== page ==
Given that NOX1 inhibition affected apoptosis and DNA repair efficiency in acute UVB irradiation, we wondered whether these processes were affected in chronic irradiation. The level of CPD and the activity of caspase-3 were much lower in InhNOX1- and GKT137831-treated mice than in their control counterparts (Figure 4g and h).
      To determine whether NOX1 inhibition had a more pronounced photoprotective effect in a DNA repair-deficient context, XPC-deficient mice treated with InhNOX1 and GKT137831 were exposed to chronic UVB irradiation. The hairless SKH-1 Xpc-knockout model was chosen because we have previously shown that up-regulation of NOX1 in XPC-deficient cells triggers neoplastic transformation of keratinocytes and premature skin aging (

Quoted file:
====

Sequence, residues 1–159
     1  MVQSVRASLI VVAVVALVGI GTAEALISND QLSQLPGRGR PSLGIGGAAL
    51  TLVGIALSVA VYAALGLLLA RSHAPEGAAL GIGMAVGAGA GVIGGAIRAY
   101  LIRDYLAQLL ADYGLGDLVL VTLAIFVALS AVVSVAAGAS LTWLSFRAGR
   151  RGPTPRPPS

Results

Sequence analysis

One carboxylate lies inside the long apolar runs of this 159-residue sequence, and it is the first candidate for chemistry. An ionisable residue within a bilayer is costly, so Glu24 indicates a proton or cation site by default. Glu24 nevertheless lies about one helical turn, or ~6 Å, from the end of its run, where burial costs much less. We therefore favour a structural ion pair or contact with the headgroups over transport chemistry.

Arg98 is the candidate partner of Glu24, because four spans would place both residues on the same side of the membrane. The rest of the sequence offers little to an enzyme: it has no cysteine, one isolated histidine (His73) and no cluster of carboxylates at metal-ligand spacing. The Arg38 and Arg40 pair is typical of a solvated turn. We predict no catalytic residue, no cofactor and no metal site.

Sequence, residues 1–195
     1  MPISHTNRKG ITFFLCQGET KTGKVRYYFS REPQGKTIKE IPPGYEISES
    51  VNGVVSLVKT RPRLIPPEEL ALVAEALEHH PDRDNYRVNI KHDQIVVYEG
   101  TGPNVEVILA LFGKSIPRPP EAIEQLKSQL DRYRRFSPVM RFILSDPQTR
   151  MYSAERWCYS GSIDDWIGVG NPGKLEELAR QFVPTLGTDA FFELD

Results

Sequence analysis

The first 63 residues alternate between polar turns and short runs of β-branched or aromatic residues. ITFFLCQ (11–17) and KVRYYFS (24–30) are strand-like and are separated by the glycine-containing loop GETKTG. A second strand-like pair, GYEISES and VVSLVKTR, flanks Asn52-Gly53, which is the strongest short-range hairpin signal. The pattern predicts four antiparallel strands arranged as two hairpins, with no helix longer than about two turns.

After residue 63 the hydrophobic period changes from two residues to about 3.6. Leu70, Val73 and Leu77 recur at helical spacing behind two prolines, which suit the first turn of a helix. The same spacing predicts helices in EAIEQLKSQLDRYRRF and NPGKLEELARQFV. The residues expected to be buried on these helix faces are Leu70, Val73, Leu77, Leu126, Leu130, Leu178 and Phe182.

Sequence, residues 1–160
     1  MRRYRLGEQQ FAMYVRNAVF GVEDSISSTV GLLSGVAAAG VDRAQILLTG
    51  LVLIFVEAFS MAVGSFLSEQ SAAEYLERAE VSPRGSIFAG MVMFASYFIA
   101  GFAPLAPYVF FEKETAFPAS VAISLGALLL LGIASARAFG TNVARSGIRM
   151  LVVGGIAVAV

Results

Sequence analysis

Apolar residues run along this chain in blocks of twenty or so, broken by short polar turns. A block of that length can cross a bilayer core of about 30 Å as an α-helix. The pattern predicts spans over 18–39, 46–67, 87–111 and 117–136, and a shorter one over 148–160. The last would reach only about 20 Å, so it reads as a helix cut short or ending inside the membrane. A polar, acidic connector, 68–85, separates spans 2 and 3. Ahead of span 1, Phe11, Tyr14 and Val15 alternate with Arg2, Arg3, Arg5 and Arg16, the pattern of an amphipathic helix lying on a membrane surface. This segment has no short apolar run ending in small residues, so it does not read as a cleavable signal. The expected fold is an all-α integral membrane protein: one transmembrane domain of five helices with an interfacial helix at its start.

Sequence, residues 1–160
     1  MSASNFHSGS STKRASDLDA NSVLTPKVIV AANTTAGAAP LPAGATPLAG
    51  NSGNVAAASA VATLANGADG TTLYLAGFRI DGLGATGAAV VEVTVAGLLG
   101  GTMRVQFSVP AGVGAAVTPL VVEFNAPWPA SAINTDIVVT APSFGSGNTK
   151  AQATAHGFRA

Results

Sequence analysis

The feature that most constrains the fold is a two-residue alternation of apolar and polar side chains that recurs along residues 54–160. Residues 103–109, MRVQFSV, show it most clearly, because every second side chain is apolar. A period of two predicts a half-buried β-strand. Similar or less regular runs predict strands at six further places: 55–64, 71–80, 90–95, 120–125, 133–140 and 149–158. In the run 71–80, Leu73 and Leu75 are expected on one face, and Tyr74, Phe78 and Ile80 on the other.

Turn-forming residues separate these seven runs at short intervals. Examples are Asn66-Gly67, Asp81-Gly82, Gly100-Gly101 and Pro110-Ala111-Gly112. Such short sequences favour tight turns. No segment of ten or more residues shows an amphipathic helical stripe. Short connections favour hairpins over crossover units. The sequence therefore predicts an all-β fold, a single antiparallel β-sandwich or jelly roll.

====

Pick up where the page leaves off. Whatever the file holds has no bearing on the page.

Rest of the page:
• Hosseini M.
      • Mahfouf W.
      • Serrano-Sanchez M.
      • Raad H.
      • Harfouche G.
      • Bonneu M.
      • et al.
      Premature skin aging features rescued by inhibition of NADPH oxidase activity in XPC-deficient mice.
      ,
      • Rezvani H.R.
      • Kim A.L.
      • Rossignol R.
      • Ali N.
      • Daly M.
      • Mahfouf W.
      • et al.
      XPC silencing in normal human keratinocytes triggers metabolic alterations that drive the formation of squamous cell carcinomas.
      ,
      • Rezvani H.R.
      • Rossignol R.
      • Ali N.
      • Benard G.
      • Tang X.
      • Yang H.S.
      • et al.
      XPC silencing in normal human keratinocytes triggers metabolic alterations through NOX-1 activation-mediated reactive oxygen species.